All posts by Steve

Automatically Submit Google CSE

This tutorial outlines two techniques to customise Google’s Custom Search Engine:

  1. Generating your own custom styled search form
  2. Fetching the search results on page load rather than the default which requires the Google provided search form to be submitted

This enables you to place your custom styled search form anywhere on your site (for example in a global site header), and when the form is submitted the search results are automatically loaded as soon as the user lands on the search page – as opposed to the default behavior which requires submission of the Google provided search box.

This is a sample global form that I use in my header file, which submits to the url “/search”. I will leave the CSS side to your imagination.

<form id="search" method="get" action="/search">
<fieldset>
<input type="text" name="q" value="" placeholder="Search Records" />
<button type="submit">Search</button>
</fieldset>
</form>

On my search page, the following code displays the Google CSE search box and pre-loads the results which are passed in from PHP’s $_GET. Don’t forget to replace myUniqueID with your Google CSE unique ID.

<!-- div container to display search results -->
<div id="cse" style="width: 100%;">Loading...</div>

<script src="http://www.google.com/jsapi" type="text/javascript"></script>
<script type="text/javascript">
  google.load('search', '1', {language : 'en'});
  google.setOnLoadCallback(function() {
    var customSearchControl = new google.search.CustomSearchControl('**myUniqueID**'); // change this to your unique ID
    customSearchControl.setResultSetSize(google.search.Search.FILTERED_CSE_RESULTSET);
    customSearchControl.setLinkTarget(google.search.Search.LINK_TARGET_SELF); // open results in current window
    customSearchControl.draw('cse'); // set the results div id
    customSearchControl.execute("<?php if (isset($_GET['q'])) echo filter_var($_GET['q'], FILTER_SANITIZE_STRING); ?>"); // run the search using the value of $_GET['q']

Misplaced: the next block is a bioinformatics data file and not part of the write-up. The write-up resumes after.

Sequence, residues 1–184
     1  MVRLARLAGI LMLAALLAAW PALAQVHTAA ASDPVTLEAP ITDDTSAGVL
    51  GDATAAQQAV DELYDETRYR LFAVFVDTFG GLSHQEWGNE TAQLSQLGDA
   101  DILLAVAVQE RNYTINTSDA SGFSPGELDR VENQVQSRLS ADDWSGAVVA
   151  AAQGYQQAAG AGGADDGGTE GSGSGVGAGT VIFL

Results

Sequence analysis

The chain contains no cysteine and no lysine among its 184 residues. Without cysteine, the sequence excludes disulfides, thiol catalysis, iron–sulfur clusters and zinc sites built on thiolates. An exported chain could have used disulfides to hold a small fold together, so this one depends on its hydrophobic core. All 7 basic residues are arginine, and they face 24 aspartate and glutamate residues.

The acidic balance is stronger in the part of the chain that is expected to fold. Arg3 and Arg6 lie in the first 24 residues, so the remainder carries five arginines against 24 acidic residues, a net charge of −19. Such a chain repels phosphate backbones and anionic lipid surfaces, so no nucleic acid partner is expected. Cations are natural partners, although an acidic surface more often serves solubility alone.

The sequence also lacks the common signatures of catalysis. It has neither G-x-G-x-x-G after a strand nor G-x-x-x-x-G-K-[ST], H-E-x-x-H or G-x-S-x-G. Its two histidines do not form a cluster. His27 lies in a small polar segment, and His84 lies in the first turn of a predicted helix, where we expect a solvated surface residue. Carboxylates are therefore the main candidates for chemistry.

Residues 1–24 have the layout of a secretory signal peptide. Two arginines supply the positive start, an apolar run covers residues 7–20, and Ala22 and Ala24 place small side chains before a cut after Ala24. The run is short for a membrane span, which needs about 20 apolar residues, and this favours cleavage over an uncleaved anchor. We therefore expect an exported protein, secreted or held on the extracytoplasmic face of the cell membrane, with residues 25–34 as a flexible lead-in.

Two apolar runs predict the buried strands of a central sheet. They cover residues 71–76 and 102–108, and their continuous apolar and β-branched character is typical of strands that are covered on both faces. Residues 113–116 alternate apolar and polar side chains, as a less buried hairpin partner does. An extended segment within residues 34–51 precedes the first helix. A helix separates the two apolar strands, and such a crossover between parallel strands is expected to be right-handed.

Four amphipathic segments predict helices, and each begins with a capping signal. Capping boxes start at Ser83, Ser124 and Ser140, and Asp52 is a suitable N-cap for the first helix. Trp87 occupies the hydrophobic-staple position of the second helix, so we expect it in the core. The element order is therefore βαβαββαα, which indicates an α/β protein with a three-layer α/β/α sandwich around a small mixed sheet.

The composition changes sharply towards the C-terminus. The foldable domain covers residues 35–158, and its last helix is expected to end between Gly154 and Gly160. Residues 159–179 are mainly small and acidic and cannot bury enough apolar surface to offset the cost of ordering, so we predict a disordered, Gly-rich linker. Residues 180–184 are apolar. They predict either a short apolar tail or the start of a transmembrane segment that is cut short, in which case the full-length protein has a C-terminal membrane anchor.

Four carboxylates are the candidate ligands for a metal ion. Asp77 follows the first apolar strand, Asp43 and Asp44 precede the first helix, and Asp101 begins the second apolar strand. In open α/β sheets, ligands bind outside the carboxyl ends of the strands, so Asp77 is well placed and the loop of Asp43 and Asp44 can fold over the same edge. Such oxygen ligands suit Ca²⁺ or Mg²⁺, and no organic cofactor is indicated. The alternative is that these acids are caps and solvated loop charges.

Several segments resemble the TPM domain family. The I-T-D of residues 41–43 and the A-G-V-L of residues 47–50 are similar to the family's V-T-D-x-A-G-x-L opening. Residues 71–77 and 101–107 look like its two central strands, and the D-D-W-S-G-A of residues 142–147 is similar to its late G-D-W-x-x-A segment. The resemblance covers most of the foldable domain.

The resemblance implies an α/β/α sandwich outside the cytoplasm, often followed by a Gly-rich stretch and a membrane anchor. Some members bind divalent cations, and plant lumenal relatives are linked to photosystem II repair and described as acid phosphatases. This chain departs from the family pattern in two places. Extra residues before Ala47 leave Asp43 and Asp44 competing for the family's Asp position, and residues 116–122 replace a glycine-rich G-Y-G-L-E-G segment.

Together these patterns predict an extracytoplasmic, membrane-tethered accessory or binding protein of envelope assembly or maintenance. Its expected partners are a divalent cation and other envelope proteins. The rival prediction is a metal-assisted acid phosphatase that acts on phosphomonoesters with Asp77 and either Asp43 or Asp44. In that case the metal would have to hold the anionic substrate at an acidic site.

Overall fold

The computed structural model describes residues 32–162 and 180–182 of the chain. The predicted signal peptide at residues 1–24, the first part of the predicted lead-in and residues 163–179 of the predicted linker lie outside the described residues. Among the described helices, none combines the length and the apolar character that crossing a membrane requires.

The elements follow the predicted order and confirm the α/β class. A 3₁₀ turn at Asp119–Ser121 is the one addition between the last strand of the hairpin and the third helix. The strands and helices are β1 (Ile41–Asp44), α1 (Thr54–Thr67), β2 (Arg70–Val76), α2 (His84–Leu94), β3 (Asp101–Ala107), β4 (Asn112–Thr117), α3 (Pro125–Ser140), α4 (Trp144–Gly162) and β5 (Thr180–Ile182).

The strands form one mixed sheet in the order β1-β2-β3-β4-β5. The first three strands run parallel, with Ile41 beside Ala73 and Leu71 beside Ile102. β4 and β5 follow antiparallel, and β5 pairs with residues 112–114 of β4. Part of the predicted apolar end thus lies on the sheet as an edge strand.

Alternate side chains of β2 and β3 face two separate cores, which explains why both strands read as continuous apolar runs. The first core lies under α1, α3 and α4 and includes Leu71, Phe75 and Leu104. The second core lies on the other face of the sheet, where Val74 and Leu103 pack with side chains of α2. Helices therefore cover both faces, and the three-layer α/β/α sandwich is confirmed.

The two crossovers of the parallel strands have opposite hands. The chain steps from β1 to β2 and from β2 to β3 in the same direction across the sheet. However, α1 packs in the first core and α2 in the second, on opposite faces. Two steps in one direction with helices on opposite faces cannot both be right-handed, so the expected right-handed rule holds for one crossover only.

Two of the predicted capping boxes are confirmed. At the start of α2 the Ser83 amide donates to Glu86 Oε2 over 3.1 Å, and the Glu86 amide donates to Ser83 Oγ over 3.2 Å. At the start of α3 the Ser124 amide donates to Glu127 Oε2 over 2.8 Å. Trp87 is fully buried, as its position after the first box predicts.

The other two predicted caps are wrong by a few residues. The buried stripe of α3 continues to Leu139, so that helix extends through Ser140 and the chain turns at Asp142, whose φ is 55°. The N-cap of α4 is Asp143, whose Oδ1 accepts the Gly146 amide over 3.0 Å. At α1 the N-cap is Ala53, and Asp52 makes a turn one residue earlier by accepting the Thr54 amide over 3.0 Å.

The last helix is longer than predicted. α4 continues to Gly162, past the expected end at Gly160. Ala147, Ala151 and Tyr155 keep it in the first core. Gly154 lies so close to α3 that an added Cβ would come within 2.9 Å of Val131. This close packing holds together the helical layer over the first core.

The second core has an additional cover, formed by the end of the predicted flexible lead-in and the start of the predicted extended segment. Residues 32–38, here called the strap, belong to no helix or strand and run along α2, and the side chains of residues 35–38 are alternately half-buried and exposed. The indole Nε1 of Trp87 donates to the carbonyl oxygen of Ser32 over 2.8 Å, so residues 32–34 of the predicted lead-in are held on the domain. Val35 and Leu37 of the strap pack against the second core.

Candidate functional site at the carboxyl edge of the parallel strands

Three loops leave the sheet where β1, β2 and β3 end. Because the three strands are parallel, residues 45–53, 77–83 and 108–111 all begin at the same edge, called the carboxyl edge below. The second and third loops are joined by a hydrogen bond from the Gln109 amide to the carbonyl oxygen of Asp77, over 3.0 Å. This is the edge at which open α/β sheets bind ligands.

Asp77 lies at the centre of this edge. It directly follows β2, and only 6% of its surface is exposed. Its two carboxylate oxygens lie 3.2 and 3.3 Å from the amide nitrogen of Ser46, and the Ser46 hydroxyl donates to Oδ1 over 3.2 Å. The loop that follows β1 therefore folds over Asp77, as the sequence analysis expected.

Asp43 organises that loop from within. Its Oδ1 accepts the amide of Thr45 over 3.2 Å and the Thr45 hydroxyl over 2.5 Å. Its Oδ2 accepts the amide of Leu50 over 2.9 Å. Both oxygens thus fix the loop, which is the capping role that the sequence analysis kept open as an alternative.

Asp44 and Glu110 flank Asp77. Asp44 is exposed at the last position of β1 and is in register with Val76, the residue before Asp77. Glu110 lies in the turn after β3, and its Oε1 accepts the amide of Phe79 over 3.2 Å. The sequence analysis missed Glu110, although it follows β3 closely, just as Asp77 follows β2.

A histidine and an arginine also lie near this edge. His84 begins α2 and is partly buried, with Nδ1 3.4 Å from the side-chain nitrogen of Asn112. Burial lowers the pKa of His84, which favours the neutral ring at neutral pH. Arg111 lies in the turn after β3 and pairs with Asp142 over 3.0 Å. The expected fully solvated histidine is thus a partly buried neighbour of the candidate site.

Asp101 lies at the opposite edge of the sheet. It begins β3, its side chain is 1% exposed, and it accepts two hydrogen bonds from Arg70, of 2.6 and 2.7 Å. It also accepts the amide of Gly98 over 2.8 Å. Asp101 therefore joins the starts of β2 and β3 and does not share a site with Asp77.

}, true);
</script>

CodeIgniter Getting Started Surprises

I’ve been looking into the CodeIgniter PHP framework (CI)  for a couple of weeks and want to document some of the surprises and caveats I have discovered. Coming from a non-framework background, I was surprised at how similar the CI conventions are to my own pseudo “framework” that I use on my projects – so I guess I must’ve been doing something right so far!

This is what i’ve learnt.

CI is backwards compatible with PHP4

Which, in my opinion is something they should rectify – ie. retire support in the next major release and move forward. From what I have read about CI vs Kohana (a CI fork), it seems that CI is sacrificing pretty autoloading simply because they remain backwards compatible.

Edit: This is actually incorrect, as of version 2.0.2 the minimum required version of PHP is 5.1.6. Thats to Dale for pointing this out in the comments.

The MVC structure is superb, however…

Alot of tutorials i’ve watched lean towards using helper functions within views, such as for forms. From a developer perspective thats fine, however you can imagine a designer having problems with form_open() when he wants to add a simple class or ID. The upside is that they are just helpers – if you don’t like them, don’t use them.

Speaking of functions

I was surprised to discover the folder full of procedural helper functions. This is nice in terms of using functions anywhere inside the application, although it does seem a little out of place in an OOP framework. It would be nice to see these converted into classes.

Default session security is awful

Usually a PHP session’s data is stored server side and only a small cookie is kept client side to track a user session. However in CI, the session data is stored client side, which means that a simple alteration in firebug later and you potentially just gave yourself admin privileges or discovered some other potentially sensitive information. It should be noted that an encryption key can be used to protect session alterations, but having to add 3rd party classes to do conventional PHP session storage left me gob smacked.